Bees Replacing Birds and Other Boundary Crossings
Sturgeon Award finalists

We Need a Broader Discussion of Genre Boundaries

The New Weird conversation is interesting and energetic. But a discussion of genre boundaries needs to encompass more writers, works, and publications than can be accomodated in a discussion of the New Weird. Defined by process of elimination, the New Weird is rapidly shrinking. Remaining New Weird writers are, by my count, M. John Harrison, China Miéville, Justina Robson, maybe Gabe Choinard, and one or two drafted posthumously. Everyone else has been shot down or left.

Alastair Reynolds is irretrievably New Space Opera unless he can be wooed away from accomodating reader expectations. We should pay very close attention to Jeff VanderMeer's departure (taking with him the crowd he publishes, I think), Jeff having concluded that he will not be using the term New Weird. With Jeff's departure, a significant majority of writers negotiating a new relationship with genre are out.

As I stated (in my June 4th post in the New Weird discussion), there is a widespread change in writers' relationships to genre boundaries that is different than Slipstream. I am now convinced that this is not the New Weird, but something else which is perhaps in need of naming.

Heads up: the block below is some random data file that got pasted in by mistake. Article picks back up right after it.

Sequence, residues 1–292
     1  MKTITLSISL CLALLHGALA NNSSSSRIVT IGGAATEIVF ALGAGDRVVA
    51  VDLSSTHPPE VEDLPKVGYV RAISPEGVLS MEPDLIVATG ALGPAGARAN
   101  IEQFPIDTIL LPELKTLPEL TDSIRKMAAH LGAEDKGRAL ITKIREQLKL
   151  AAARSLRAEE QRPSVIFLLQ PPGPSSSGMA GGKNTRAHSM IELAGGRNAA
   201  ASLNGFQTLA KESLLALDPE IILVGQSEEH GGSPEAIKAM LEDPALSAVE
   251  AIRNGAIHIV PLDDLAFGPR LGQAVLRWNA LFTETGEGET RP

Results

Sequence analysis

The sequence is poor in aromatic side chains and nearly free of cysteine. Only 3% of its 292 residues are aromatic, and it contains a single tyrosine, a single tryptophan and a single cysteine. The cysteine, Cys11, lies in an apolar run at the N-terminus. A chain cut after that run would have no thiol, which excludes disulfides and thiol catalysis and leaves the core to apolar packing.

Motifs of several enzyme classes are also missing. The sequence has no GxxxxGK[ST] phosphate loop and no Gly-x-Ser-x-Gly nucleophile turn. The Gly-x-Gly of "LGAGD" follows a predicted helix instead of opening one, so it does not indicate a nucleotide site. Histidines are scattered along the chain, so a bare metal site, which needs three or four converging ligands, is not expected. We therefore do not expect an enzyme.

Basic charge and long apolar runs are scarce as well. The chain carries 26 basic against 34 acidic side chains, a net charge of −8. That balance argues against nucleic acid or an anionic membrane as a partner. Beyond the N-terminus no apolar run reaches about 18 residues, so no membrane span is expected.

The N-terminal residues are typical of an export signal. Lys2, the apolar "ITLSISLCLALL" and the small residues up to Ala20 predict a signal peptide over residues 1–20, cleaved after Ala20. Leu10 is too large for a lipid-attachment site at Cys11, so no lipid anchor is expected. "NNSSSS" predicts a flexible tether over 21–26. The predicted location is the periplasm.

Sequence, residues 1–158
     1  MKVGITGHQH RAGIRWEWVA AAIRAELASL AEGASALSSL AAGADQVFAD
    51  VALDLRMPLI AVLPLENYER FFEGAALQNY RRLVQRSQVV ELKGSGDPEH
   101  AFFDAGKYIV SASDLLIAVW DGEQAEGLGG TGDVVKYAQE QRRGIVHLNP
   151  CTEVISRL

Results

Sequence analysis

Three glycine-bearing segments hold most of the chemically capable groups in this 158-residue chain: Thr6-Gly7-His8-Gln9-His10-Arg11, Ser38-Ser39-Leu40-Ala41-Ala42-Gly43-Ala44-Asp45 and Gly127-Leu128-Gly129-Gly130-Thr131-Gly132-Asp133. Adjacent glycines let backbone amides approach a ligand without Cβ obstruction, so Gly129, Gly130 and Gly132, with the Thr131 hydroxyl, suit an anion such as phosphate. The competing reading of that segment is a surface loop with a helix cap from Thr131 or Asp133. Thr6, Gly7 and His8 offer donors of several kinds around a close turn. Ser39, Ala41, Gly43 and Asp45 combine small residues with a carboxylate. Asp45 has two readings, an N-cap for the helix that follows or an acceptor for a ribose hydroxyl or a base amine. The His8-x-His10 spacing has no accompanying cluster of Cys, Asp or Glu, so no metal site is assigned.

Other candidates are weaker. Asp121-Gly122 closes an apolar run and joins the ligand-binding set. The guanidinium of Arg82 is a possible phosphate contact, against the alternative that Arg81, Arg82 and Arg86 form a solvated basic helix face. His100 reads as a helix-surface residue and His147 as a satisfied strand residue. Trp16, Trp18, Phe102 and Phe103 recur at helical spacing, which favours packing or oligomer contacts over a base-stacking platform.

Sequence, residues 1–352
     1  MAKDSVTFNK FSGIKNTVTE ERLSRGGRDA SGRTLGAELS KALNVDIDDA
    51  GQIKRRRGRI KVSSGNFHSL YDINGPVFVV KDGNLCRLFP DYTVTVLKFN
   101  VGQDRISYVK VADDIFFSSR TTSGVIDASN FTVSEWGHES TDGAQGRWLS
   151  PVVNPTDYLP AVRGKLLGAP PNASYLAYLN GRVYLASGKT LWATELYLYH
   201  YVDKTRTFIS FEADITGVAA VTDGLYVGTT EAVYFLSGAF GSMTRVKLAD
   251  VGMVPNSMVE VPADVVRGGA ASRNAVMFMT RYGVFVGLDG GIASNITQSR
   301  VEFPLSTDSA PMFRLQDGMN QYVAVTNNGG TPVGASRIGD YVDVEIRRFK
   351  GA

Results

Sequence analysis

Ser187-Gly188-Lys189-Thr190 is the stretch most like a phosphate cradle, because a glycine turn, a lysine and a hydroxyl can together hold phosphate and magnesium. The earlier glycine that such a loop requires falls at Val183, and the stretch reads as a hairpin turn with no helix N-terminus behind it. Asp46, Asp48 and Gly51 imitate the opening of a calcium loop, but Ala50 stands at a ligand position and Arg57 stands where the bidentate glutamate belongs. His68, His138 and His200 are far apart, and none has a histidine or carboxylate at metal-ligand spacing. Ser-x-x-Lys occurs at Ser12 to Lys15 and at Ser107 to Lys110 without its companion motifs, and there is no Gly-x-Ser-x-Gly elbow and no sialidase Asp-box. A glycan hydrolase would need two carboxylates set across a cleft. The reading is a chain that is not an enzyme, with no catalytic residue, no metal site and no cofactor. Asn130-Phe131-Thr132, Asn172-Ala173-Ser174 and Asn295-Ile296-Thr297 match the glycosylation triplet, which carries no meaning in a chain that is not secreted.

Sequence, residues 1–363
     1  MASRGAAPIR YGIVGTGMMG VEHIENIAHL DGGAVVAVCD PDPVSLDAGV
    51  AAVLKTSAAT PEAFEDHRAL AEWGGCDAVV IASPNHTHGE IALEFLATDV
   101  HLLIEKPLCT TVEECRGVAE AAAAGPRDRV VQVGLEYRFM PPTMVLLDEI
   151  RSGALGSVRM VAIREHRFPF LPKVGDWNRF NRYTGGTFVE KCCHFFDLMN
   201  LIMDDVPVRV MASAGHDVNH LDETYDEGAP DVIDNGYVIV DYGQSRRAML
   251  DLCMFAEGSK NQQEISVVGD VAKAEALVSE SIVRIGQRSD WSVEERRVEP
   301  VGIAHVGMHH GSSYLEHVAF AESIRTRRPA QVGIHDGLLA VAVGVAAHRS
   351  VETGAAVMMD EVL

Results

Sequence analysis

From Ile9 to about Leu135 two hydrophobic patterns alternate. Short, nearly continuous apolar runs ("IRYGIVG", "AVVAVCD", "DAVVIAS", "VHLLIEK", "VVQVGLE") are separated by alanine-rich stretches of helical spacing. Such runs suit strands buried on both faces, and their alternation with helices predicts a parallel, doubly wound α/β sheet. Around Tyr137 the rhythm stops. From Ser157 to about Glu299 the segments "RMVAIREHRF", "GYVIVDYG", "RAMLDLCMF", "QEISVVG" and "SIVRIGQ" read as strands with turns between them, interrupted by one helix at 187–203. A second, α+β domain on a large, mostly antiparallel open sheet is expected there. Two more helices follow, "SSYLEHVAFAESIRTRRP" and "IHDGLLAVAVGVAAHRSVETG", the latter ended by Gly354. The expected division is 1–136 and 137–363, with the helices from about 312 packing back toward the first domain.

There is a thriving movement of small press magazines, antholgies, and web sites publishing off-genre fiction, fiction in dialog with genre while outside the parameters of what the major magazines can publish: Lady Churchill's Rosebud Wristlet, Polyphany, Conjuctions: 39, Leviathan, Fantastic Metropolis, etc. These, too, are not New Weird.

Neither Miéville's nor Harrison's influence can be conflated with the New Weird. The New Weird is narrow but the influence of Perdido Street Station and Miéville's other novels is broad. And while Miéville's work seems to me strongly in the tradition of Dhalgren, Delany is definitely not New Weird because he thinks genre boundaries serve a useful purpose (and I agree with him).

Harrison is widely influential in his lifelong attack on fantasy and science fiction tropes and his violating of readers' expectations. Some credit him with having destroyed the old Space Opera in the early '70s. But again, we cannot count influence as equivalent with the New Weird.

Influence, after all, is a function of reception rather than writer's intent.